Torch passed

North Bergen police raise money for Special Olympics

The North Bergen Police Department hosted a fundraiser and sold t-shirts last week in order to raise money for the Law Enforcement Torch Run for Special Olympics on June 10 at 9 a.m. The mission of the run is to raise awareness and funds for the Special Olympics. The Special Olympics World Games allow disabled athletes to compete every two years.
In the Law Enforcement Torch Run, officials run to their assigned section of town to grab a torch, and pass it on to the next section of town. Eventually it ends up in another city, such as Philadelphia.

“What better way to be charitable than with the community?” – Police Chief Robert Dowd
Officers Daniel Brown and Gleny Henry planned last week’s fundraiser and coordinated it with Applebee’s on 88th Street. At the restaurant, the police sold shirts, and 10 percent of Applebee’s proceeds from the day were to go toward the cause.
In June the run will start on 91st and Bergenline Avenue, and the police will make their way towards the north side of Newark Avenue. Sgt. Roberto Ruiz will follow police on his motorcycle to watch for traffic.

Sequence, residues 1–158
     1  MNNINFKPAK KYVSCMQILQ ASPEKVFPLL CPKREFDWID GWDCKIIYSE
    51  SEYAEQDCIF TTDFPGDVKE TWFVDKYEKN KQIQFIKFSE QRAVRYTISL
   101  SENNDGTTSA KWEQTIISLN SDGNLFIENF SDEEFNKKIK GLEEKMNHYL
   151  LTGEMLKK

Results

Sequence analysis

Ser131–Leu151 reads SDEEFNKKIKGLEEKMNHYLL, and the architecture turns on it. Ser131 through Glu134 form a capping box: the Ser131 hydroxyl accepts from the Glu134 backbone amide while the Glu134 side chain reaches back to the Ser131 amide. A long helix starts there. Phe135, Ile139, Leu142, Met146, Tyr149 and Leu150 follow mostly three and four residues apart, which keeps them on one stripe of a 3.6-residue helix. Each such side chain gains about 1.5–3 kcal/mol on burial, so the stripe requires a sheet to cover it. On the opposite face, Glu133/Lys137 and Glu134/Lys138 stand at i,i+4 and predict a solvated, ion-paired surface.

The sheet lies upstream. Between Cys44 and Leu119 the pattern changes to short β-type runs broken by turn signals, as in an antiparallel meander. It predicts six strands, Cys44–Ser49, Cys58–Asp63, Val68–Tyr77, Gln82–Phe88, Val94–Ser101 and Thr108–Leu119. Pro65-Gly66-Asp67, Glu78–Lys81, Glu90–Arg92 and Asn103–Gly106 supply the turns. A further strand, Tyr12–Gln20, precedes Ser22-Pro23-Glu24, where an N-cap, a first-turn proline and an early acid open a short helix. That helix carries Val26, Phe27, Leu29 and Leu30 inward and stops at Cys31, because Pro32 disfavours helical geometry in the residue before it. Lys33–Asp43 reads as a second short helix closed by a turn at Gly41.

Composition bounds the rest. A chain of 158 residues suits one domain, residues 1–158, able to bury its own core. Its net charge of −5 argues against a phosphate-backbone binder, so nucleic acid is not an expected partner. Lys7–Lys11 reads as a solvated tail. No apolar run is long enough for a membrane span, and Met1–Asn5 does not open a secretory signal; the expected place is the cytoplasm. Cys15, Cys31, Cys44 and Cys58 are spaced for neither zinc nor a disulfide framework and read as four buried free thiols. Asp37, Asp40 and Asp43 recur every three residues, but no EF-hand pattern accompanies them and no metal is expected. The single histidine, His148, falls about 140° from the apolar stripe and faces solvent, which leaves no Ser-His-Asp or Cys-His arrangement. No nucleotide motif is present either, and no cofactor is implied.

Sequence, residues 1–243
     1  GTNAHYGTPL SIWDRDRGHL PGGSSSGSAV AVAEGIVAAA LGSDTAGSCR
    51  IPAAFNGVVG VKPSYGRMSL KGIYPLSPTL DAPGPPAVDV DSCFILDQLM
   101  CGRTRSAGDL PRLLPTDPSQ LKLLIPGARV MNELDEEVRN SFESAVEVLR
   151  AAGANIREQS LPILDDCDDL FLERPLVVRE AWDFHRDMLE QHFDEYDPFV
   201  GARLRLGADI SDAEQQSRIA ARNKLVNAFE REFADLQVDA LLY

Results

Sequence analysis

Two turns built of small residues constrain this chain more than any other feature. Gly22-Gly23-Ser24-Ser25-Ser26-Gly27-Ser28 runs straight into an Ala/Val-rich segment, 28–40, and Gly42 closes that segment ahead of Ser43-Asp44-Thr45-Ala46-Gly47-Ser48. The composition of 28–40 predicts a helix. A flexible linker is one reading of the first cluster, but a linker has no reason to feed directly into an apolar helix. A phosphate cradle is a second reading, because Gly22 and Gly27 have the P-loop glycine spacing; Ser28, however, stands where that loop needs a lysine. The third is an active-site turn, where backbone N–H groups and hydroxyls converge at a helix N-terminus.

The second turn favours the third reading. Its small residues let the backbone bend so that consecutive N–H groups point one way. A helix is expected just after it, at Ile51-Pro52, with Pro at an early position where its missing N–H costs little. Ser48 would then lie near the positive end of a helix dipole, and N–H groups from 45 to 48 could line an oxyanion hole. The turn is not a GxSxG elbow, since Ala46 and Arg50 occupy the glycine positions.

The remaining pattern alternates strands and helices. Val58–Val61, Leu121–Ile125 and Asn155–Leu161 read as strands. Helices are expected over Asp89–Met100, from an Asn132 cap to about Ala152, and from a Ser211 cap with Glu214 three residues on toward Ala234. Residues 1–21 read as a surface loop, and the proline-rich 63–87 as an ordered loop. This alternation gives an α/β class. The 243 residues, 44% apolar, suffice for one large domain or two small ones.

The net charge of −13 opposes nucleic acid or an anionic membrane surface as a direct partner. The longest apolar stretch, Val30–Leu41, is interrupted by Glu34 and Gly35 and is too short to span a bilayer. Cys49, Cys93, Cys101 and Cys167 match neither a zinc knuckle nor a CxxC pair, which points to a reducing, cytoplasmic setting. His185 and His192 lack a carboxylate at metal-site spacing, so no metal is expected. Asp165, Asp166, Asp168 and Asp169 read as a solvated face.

Raising money

A week ago Friday, police stood near the entrance with Applebee’s employees to greet guests and hand out lollipops.
“People usually come with kids to eat,” Henry said, “and it’s good for them to see us in a positive light instead of pulling people over.”
Last year, the officers raised $13,000 for the Special Olympics through charity events. According to Police Chief Robert Dowd, they are in the top 10 fundraisers among police departments in New Jersey, and have been for more than four decades.
Lists of the top 10 fundraising NJ PDs were on the back of the t-shirts sold outside.
Lt. Arthur Del said, “The community interaction is more important than the money. So even if we raise less than $300, the community is still cheering on the PD, so money is nothing compared that.”
Dowd said Officer Saray Durango is the biggest fundraiser in the community policing unit. Dowd knew Durango since she was in high school. He said she was, and still is, a great athlete he coached.
Durango started past events like the biggest loser challenge for the PD, and masquerade and Halloween parties. Dowd said, “It’s nice seeing her part of the PD. The whole unit does a great job.”
He added, “Kids get involved in the race, and we’re happy to get involved in it. Hopefully after me it still goes on. What better way to be charitable than with the community?”

Samantha Meyers can be reached at .

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